Background: HER2-positive (+) breast cancers, defined by HER2 overexpression and/or amplification, are often addicted to HER2 to maintain their malignant phenotype. Yet, some HER2+ tumors do not benefit from anti-HER2 therapy. We hypothesize that HER2 amplification levels and PI3K pathway activation are key determinants of response to HER2-Targeted treatments without chemotherapy. Patients and methods: Baseline HER2+ tumors from patients treated with neoadjuvant lapatinib plus trastuzumab [with endocrine therapy for estrogen receptor (ER)+ tumors] in TBCRC006 (NCT00548184) were evaluated in a central laboratory for HER2 amplification by fluorescence in situ hybridization (FISH) (n = 56). HER2 copy number (CN) and FISH ratios, and PI3K pathway status, defined by PIK3CA mutations or PTEN levels by immunohistochemistry were available for 41 tumors. Results were correlated with pathologic complete response (pCR; no residual invasive tumor in breast). Results: Thirteen of the 56 patients (23%) achieved pCR. None of the 11 patients with HER2 ratio <4 and/or CN <10 achieved pCR, whereas 13/45 patients (29%) with HER2 ratio ≥4 and/or CN ≥10 attained pCR (P = 0.0513). Of the 18 patients with tumors expressing high PTEN or wild-Type (WT) PIK3CA (intact PI3K pathway), 7 (39%) achieved pCR, compared with 1/23 (4%) with PI3K pathway alterations (P = 0.0133). Seven of the 16 patients (44%) with HER2 ratio ≥4 and intact PI3K pathway achieved pCR, whereas only 1/25 (4%) patients not meeting these criteria achieved pCR (P = 0.0031). Conclusions: Our findings suggest that there is a clinical subtype in breast cancer with high HER2 amplification and intact PI3K pathway that is especially sensitive to HER2-Targeted therapies without chemotherapy. A combination of HER2 FISH ratio and PI3K pathway status warrants validation to identify patients who may be treated with HER2-Targeted therapy without chemotherapy.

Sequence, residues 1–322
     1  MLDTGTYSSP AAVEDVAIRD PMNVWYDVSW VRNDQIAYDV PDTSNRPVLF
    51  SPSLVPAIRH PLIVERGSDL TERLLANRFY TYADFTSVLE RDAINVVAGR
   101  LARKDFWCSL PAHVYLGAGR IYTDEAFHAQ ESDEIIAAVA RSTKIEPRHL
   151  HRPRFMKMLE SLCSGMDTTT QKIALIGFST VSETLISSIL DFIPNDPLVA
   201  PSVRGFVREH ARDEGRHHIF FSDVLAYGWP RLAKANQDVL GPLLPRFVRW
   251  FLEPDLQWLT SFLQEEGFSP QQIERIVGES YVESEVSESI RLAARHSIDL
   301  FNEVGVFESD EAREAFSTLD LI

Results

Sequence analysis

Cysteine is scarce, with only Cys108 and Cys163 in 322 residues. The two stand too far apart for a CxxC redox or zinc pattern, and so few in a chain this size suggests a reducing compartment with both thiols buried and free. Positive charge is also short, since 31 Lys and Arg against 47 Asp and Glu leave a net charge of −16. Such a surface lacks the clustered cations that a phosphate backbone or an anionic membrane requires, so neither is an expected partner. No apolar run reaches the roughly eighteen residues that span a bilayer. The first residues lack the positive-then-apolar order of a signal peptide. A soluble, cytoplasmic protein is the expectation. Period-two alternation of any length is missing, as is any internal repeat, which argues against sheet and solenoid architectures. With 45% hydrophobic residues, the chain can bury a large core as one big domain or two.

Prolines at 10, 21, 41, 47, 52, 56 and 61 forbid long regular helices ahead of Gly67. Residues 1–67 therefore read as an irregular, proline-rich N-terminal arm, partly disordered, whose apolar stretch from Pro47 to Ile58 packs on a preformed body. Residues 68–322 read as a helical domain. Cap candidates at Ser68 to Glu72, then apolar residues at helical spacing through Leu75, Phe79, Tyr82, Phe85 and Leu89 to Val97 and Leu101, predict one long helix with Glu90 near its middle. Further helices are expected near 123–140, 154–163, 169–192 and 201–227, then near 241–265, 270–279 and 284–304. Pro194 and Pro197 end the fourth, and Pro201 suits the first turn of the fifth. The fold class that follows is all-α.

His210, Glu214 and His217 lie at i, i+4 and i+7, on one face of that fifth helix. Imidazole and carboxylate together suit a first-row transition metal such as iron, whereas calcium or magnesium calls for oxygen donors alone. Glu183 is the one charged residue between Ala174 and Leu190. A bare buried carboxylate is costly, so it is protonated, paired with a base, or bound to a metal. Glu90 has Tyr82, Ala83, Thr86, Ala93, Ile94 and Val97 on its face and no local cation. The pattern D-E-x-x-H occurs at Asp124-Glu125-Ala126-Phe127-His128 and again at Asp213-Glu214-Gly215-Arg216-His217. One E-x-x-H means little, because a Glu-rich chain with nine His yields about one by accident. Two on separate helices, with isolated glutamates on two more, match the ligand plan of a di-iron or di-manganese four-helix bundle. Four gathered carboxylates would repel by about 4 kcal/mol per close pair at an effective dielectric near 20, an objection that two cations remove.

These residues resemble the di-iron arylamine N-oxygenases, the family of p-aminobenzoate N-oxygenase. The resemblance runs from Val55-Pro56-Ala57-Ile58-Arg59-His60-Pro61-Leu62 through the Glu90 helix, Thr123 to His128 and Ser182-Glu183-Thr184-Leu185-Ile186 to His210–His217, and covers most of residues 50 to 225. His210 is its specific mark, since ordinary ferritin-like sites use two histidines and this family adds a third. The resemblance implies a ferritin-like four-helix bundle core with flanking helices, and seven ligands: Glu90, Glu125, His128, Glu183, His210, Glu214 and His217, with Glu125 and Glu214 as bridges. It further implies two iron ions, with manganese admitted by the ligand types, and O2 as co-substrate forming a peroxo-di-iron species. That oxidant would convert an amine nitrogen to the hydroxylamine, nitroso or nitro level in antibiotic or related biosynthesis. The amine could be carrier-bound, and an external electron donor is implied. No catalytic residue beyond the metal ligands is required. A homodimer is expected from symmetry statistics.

- ErbB2 receptor tyrosine kinase
- PIK3CA mutations
- PTEN protein
- breast cancer
- fluorescent in situ hybridization
- precision medicine
ASJC Scopus subject areas